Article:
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                  DSpace 5 Released

                  Posted in Digital Curation & Digital Preservation, Digital Repositories, DSpace, DuraSpace, Institutional Repositories on January 21st, 2015

                  DuraSpace has released DSpace 5.

                  Here's an excerpt from the announcement:

                  With a new, modern look and feel for every device, the ability to auto-upgrade from older versions of DSpace, to batch import content and more, the release of DSpace 5 offers its far-flung global community of developers and stakeholders an even easier-to-use and more efficient institutional repository solution.

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                    Debra Hanken Kurtz Named as DuraSpace CEO

                    Posted in Digital Curation & Digital Preservation, Digital Repositories, DSpace, DuraSpace, Institutional Repositories, People in the News on January 21st, 2015

                    Debra Hanken Kurtz has been named as DuraSpace's CEO.

                    Here's an excerpt from the announcement:

                    It brings us great pleasure to announce that the DuraSpace Board of Directors has chosen Debra Hanken Kurtz to serve as the new CEO for the Organization. Kurtz is currently the Executive Director of the Texas Digital Library. She will begin in her new role on February 16, 2015 and establish an office in Austin, Texas to manage DuraSpace business operations.

                    Kurtz brings key relevant experience and skills to DuraSpace. As Executive Director of the Texas Digital Library, she managed and grew membership, operations, and services. She participates in working and planning groups for DPN and SHARE. At both Duke University and UNC Chapel Hill Libraries, Kurtz provided leadership and direction for digital collections, public websites, and early planning efforts for both libraries' institutional repositories. She was an active partner within the Triangle Research Libraries Network and has been a voice for Kuali OLE, an open-source integrated library system built by and for academic and research libraries. Kurtz's complete background can be found on linkedin.

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                      iPres 2014: Proceedings of the 11th International Conference on Digital Preservation

                      Posted in Data Curation, Open Data, and Research Data Management, Digital Curation & Digital Preservation on December 12th, 2014

                      The International Conference on Digital Preservation has released iPres 2014: Proceedings of the 11th International Conference on Digital Preservation.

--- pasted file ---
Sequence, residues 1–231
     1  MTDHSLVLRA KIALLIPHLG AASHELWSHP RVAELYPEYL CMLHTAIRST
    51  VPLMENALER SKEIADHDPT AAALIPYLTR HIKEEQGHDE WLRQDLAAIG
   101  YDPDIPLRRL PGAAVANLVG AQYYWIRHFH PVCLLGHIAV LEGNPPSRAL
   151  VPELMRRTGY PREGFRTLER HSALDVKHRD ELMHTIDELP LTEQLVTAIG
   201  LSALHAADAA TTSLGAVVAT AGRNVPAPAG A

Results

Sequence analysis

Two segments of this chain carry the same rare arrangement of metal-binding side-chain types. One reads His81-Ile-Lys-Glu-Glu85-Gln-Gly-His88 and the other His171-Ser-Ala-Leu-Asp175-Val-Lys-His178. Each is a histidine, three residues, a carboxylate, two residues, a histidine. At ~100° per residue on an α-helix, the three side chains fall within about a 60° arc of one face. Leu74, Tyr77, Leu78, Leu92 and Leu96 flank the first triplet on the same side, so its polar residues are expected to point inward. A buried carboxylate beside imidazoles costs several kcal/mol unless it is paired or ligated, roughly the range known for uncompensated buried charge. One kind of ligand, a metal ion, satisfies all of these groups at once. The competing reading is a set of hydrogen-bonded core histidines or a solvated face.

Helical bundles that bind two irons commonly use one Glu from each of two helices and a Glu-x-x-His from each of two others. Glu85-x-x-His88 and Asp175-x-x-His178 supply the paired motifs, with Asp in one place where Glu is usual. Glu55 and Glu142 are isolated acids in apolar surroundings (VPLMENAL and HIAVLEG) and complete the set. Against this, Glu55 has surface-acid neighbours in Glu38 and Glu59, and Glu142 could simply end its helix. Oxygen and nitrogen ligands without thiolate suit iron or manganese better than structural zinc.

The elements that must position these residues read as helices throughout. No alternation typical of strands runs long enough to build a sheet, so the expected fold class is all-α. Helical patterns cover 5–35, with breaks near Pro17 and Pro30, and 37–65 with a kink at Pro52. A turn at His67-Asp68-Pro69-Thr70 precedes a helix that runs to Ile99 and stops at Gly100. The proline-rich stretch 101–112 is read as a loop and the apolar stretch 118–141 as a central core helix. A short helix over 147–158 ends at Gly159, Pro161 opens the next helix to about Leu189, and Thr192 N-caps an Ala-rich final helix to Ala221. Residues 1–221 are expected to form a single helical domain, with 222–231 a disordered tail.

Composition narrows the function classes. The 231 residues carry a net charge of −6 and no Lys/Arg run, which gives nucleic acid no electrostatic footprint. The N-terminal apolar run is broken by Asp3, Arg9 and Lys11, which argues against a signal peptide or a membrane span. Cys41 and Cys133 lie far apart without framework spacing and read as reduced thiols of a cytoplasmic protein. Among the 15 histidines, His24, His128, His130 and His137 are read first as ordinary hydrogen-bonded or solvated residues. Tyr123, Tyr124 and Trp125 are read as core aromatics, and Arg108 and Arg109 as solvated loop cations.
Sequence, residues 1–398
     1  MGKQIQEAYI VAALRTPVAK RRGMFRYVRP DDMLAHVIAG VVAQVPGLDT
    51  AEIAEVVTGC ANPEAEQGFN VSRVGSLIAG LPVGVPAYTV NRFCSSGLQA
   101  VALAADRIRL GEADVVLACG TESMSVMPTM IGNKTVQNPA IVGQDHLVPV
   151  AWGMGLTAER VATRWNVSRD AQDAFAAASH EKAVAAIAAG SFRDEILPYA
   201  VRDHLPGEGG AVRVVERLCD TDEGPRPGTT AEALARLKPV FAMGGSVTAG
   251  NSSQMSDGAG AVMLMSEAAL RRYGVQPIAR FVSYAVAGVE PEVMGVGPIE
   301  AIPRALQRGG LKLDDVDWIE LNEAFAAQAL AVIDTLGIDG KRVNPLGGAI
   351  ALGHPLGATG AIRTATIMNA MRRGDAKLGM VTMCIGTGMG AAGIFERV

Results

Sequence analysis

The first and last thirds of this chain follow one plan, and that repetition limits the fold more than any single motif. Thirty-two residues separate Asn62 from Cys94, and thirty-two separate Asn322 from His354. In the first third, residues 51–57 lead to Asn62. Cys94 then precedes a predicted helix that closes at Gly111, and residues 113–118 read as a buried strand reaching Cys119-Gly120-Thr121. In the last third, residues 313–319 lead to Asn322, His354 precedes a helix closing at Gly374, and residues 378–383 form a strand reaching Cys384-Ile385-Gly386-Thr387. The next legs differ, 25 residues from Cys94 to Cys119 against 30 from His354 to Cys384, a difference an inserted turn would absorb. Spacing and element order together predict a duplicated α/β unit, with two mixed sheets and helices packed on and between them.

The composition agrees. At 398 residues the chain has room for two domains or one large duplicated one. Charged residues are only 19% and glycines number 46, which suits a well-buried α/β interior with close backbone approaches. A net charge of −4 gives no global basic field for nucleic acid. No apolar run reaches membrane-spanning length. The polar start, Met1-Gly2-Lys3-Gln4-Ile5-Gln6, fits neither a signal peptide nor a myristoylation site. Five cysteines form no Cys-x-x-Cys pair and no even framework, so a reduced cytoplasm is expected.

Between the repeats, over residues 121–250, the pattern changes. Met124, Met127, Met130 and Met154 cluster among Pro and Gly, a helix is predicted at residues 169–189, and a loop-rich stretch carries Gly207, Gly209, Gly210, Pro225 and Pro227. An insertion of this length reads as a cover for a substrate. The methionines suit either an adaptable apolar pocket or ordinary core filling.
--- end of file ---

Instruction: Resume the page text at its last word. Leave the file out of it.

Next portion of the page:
Here's an excerpt:

                      Papers covered a wide array of preservation topics including migration and emulation, file format management, registries and linked data, funding models, education and training, personal archiving and software-based art, web archiving, metadata and persistent identifiers.

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                        Digital File Formats for Videotape Reformatting

                        Posted in Digital Curation & Digital Preservation, Reports and White Papers on December 5th, 2014

                        The Federal Agencies Digitization Guidelines Initiative Audio-Visual Working Group has released Digital File Formats for Videotape Reformatting.

                        Here's an excerpt:

                        The project to compare video formats for reformatting is being led by the National Archives and Records Administration with significant input from the Library of Congress. The resulting matrixes offer comparisons of the wrappers AVI, MOV (QuickTime), Matroska, MXF, and MPEG-2 (ad hoc file wrapper), and the following encodings: uncompressed (various types), lossless JPEG 2000, ffv1, and MPEG-2 (encoding). The Working Group's starting point is a useful 2011 report by George Blood for the Library of Congress titled Determining Suitable Digital Video Formats for Medium-term Storage. The inclusion of MXF means that the comparison will complement the FADGI Audio-Visual Working Group's active contributions to the finalization of the MXF AS-07 application specification for preservation and archiving, a "pre-version" of which has been adopted by the Library of Congress as their video preservation format. Nevertheless, as the finalization of AS-07 continues, members of the Working Group and others have expressed interest in evaluating alternate digital file formats. These alternate formats may be appropriate to certain classes of content, for use as interim measures, or suitable for organizations in modest technical circumstances.